Meanwhile, Republicans running or openly considering a race are raising a lot of money.
Attorney General Eric Schmitt has yet to file his latest campaign finance statements, but announced last week that he had raised $ 1 million.
Former disgraced governor Eric Greitens hasn’t personally raised much money so far. But Politico reported on Tuesday that Richard Uihlein, an executive at a shipping and industrial supply company, is $ 2.5 million donation to a newly formed pro-Greitens super PAC.
United States Representative Vicky Hartzler ended March with nearly $ 700,000 in cash in her federal account, which she can now use for her Senate campaign.
US Representative Jason Smith, who did not participate in the race but did not hide that he is interested, has cash of $ 1.4 million during the same period.
Nixon has proven during his political career that he can raise a lot of money. Those familiar with his thoughts on the race say he is in no rush to decide whether to commit as he is confident he will be able to build up a substantial campaign war chest for 2022.
One factor that could push Nixon into the race is the re-emergence of the Greitens.
Greitens was forced to resign as governor of Missouri in 2018, facing an almost certain impeachment amid a barrage of scandals and felony accusations.
In March, he announced he was running for the Blunt seat, sparking panic among many Republicans who fear he remains popular enough to win an overcrowded primary, but is politically damaged enough to lose to the Democrats in the general election.
This fear inspired an unsuccessful push earlier this year by state lawmakers to change the Missouri primary elections to demand a run-off if no candidate obtains more than 50 percent of the vote.
Nixon’s relatives say he doesn’t want to enter the race unless he sees a path to victory.
He’s been a two-time candidate for the US Senate, defying incumbent Republicans in 1988 and 1998, and has lost big each time.
And while Nixon may seem appealing to party leaders hoping to win back the rural Democrats who voted for Trump in 2016 and 2020, that formula has failed in other states.
Former Governor of Tennessee. Phil bredesen, former governor of Montana. Steve bullock and former governor of Ohio. Ted strickland each ran for the Senate as an elderly statesman who could appeal to white working-class voters who had become reliable Republicans.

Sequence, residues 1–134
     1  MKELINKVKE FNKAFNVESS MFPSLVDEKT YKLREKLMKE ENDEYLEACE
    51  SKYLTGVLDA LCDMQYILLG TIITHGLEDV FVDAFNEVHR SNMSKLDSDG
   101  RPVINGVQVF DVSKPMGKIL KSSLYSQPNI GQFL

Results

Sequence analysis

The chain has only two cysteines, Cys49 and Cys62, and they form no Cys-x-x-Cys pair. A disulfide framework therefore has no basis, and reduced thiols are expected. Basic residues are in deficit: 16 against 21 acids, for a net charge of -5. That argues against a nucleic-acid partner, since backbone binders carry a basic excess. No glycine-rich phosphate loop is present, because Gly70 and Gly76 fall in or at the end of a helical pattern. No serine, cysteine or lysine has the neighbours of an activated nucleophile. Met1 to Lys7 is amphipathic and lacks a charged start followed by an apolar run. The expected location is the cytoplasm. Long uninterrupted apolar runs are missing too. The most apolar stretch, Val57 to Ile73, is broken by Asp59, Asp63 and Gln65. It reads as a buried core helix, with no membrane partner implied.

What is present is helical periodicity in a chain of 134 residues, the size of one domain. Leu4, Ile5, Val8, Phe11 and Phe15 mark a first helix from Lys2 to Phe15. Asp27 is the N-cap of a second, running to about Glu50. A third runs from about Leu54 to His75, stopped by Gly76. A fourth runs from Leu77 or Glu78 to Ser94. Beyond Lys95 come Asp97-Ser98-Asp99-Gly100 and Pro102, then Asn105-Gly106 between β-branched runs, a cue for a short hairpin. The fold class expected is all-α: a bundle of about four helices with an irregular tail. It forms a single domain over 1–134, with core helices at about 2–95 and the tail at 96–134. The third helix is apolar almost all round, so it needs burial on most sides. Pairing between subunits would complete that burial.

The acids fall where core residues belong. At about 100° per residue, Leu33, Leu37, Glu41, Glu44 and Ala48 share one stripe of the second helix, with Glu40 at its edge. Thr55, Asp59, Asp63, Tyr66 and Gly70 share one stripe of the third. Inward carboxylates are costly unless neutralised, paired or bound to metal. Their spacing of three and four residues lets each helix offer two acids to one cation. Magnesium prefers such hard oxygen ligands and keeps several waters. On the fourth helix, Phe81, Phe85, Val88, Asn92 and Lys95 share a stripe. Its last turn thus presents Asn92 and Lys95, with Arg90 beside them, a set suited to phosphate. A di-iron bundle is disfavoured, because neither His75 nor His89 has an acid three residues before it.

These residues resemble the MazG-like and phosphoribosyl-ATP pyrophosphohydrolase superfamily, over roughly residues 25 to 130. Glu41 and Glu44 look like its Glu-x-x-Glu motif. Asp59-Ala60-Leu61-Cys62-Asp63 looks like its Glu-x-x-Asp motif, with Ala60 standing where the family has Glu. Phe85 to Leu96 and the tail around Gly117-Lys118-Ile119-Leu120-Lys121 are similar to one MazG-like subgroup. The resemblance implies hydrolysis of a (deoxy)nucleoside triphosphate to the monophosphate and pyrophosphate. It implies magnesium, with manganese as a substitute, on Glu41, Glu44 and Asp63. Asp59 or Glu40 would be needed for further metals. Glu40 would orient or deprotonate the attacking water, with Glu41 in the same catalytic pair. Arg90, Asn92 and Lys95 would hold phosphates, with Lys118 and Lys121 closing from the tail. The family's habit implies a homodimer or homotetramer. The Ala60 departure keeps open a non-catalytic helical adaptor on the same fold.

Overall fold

Everyone has lost their double-digit race.
Nixon’s long political career could actually work against him, Walling said.
“I don’t know how much of the anti-insider / drain attitude still exists,” he said, “but Nixon is the ultimate insider.”
Nixon and his wife would also enjoy life away from politics, especially Nixon. appreciate his role as a partner at the Dowd Bennet law firm in St. Louis.
Additionally, some of Nixon’s closest advisers are no longer around to help with a future campaign.
John Watson, longtime friend and adviser to the former governor, passed away last year. Others have left politics behind, such as his former lawyer Edward Ardini, who Nixon appointed to Missouri Court of Appeals for the Western District.
But with Democrats barely holding a majority in the U.S. Senate, the potential to make Missouri competitive in 2022 is fanning the flames of those trying to draw Nixon into the race.
“The coalition that you have to put in place in Missouri, it’s very difficult because you just have to hang the moon in the progressive blue areas of the state. And then you have to cut the margins in rural Missouri, ”McCaskill recently told St. Louis Public Radio.
She continued, “I think Jay can cut the margins in rural Missouri. I think he has work to do to make sure the progressive wing of the Democratic Party is excited about him.
Okohoson, who has successfully campaigned across the state including overturn a seat at the State House held by the GOP in 2019, agree with McCaskill.
It’s true Democrats need rural votes to win statewide, Okohoson said, but it can’t come at the expense of the party base.
“You need black women in the state so that you can support you and support you,” she said. “If they say they’re not there and they can’t talk to their family and friends and encourage them to support them and piss everyone off, you’re not going to win. This is just the essential.
This story was produced by the Independent from Missouri, a non-partisan, non-profit news organization covering government, politics and state politics.